Rediscovering myself during a global pandemic
During the pandemic, I was lucky enough to have all of my basic needs met. Being stuck at home gave me a lot of time and space to reflect on my life, and get back in touch with myself.
I began the pandemic like most people, spending the first few weeks really enjoying myself. There's an endless stream of entertainment online through video games and TV, and I thought I could never get sick of it. But somewhere along the way, I found myself everything dull and unfulfilling. I kept hopping from show to show, game to game, but I just didn't enjoy entertainment anymore. I was reminded of the concept of diminishing returns from Microeconomics, and I realized the more TV I watched, the less I enjoyed it. The more video games I played, the less I enjoyed them. To start enjoying entertainment again, I needed to try something new.
I began exploring the psychology behind entertainment and why people enjoy it, and came upon the 'dopamine detox'. Basically, people are hardwired to find a baseline level of happiness, and always return to it, regardless of circumstance. That's why someone who eats Michelin star food everyday isn't objectively happier than someone who eats regular food daily. It just becomes their new normal. This was what had happened to me with entertainment. I was so used to watching amazing shows, that it was just my new normal. To truly enjoy them again, I needed to take a break.
I decided to take a month long break from all digital entertainment. No TV, no video games, no music. It wasn't easy, but after hearing about all the benefits of a dopamine detox, I knew I had to try it. A dopamine detox wouldn't just help me enjoy TV again. It would reduce the baseline levels for everything. This meant I would enjoy food more, spending time with family more, anything and everything. I would even enjoy(?) studying more!
My first week was difficult. I felt a literal itch for entertainment, for any sort of stimulation. To keep myself occupied I started pursuing non-digital hobbies, mainly piano and running. But somewhere in the second week, it became a breeze. I didn't feel that itch anymore. I actually loved time away from technology. Colors seemed sharper. Food tasted better. I felt more present with my family when we ate dinner together. I found a new normal.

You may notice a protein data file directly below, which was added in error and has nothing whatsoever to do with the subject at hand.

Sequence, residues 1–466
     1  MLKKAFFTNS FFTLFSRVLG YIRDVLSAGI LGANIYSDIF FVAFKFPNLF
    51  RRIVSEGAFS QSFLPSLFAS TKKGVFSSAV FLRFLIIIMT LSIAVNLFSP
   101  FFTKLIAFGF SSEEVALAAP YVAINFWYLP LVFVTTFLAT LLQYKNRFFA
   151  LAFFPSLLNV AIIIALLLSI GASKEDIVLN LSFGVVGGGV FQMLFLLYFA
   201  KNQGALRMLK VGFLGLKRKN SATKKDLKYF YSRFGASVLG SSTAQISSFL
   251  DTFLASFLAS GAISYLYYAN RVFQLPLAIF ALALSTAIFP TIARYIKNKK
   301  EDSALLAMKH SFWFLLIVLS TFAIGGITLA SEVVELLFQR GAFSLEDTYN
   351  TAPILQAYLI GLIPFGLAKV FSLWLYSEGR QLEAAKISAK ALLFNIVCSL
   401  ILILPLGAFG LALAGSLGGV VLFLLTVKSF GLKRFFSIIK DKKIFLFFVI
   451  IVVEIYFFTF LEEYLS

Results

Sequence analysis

During my dopamine detox I decided to pick up running. I had recently read 'Cant Hurt Me', which made me realize I was leaving too much on the table. I wanted to see how far I could push myself, so I started running, and set a goal to run a sub-5:00 mile (my fastest mile was a 6:57 in elementary school). I knew it was a crazy goal, but I had never had the courage to set a goal out of reach. Nothing is more painful than trying your hardest for something and failing, so I had always stayed in my comfort zone.
I ran every single morning, using Saturdays as my timed mile day. I ran every morning at 8 AM, no matter what. But I made progress way faster than I expected. I started off with a 6:14 mile, which was already pretty good (I had been jogging on a regular basis in quarantine). As the weeks went by, I learned a lot about how far I could push myself (hint: it's always more than you think). For four months I ran consistently, pushing myself to the limit every day. It also was a great start to my day. Nothing feels better than finishing an intense workout.
In the first month I pushed myself a little too hard. I had low blood pressure for a while. Every time I stood up, I would black out for a second. I also lost ten pounds, even though I was already in shape (some of it was muscle though). It's easy to want to go all out every workout, but sometimes you need to rest, so I scheduled in easier runs to let my body recover.
I decided to stop running in winter, when the air got cold and my lungs would burn after a tough run. I had a PR of 5:25.6 (which also had uphill portions and pedestrians I had to avoid). Though I didn't hit my goal, I had proven to myself how much I could push myself, and am happy with my results.
During my dopamine detox, I also began meditating. I mainly did it to train my mind, because I heard meditating could physically change the brain. A lot of people train the body, but not many train the mind. I started off with Headspace, and did the free ten days, then moved onto the Headspace Pro with a student discount. Meditating seems easy, all you have to do is sit there. At the very least, it's easier than going for a run, right?
I found meditating to be one of the hardest activity to pick up. It was difficult to keeping my mind from drifting, but over time I got the hang of it. And even though the sessions were hard, I alwasy felt amazing after a session, especially when I felt stressed beforehand. Meditating made me more aware of my body, increased my focus, and helped me be present in the moment. An interesting side effect is I'm more aware of how groggy I feel after eating junk food, and my diet has improved considerably. Greasy food tastes good in the moment, but when you don't have the energy to do anything for hours afterward, it's not worth it (not to mention the health problems junk food causes). Getting in touch with your body makes you realize just how bad some foods are.